How Do You Measure Up Against Your Competitors?

Everyone wants to know how they’re doing. As a small business owner, this is critical to your survival. Because franchises often operate on tighter margins, knowing where to pull back on certain expenses (for example, marketing) or where to negotiate harder (for example, leasing property) or where to invest (buying new equipment) matters. If you’re not comparing yourself against your peers, you’re flying blind. And that might mean you’re making mistakes.

Here are three ways to compare your franchise against your peers, and why they matter.


How much money are you making versus “Company B”? Before you start your research make sure you take an apples-to-apples approach. Choose a competitor that’s in your field, within your geographic location (or similar), with the same years in business and of a similar size. Then compare your revenue.

What do differences in revenue tell you? For starters, don’t assume that if they have higher revenue that’s automatically bad. They might be overestimating their revenue, or not spending enough on things that will work against them (equipment, marketing, etc.). But it’s definitely something to look at.

COGS (cost of goods sold) as a percentage of revenue. 

Cost of goods sold is how much money it costs you (equipment, staffing, supplies) to create and sell your products and services to your customers. (See our related infographic explaining COGS)

If your revenue is $10,000 a month and your COGS is $5,000, that means your COGS as a percentage of revenue is 50% (it costs you half of what you take in to sell your services).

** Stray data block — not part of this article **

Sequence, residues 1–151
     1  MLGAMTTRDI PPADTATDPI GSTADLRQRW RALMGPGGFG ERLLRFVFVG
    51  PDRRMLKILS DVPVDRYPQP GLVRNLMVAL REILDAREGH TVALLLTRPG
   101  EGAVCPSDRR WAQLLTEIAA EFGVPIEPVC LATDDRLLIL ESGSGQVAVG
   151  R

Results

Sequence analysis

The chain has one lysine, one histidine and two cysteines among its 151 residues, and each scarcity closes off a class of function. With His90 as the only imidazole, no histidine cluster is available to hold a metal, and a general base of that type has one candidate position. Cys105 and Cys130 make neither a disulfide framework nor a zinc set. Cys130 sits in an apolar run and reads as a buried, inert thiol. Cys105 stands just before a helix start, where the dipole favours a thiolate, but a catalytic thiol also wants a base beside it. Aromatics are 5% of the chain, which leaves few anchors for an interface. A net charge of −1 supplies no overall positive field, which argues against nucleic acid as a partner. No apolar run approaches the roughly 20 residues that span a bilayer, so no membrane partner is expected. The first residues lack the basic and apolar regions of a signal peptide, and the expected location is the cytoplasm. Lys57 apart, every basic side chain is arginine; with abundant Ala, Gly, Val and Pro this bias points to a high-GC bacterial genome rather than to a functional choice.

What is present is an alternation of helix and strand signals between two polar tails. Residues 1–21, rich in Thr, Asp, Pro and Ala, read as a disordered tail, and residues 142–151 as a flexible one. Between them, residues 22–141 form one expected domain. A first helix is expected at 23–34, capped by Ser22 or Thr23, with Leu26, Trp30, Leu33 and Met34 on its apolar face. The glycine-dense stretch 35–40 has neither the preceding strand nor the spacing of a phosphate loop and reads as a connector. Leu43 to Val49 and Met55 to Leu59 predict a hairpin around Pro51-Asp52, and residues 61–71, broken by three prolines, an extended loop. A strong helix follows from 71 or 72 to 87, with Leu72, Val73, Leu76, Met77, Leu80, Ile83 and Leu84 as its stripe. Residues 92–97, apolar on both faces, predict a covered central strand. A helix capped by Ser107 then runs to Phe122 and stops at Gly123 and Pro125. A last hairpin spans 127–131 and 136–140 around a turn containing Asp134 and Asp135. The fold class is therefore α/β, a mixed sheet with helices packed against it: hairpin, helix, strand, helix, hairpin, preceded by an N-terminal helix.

What does your COGS as a percentage of revenue tell you? If your rate is higher than your competitor’s rate, you might be at a disadvantage—for some reason, you are spending more to deliver your services. Perhaps your competitor is simply charging more—that’s an easy fix for you. Or, perhaps you’re paying too much for equipment and supplies. Regardless, this gives you an opportunity to examine how you’re running your business and where you need to make changes.

Expenses as a percentage of revenue.

This one is a no-brainer. If you are spending more than your competitor and getting the same revenue, your rate of expenses to revenue will be higher. Similar to comparing COGS to revenue, this is also an opportunity to examine where you’re spending money, and where you might want to negotiate or cut back (for example, you might be spending more on payroll).

Questions? Chat with one of our friendly franchise experts today: Call us at 720-213-8040 or click below to request a free consultation.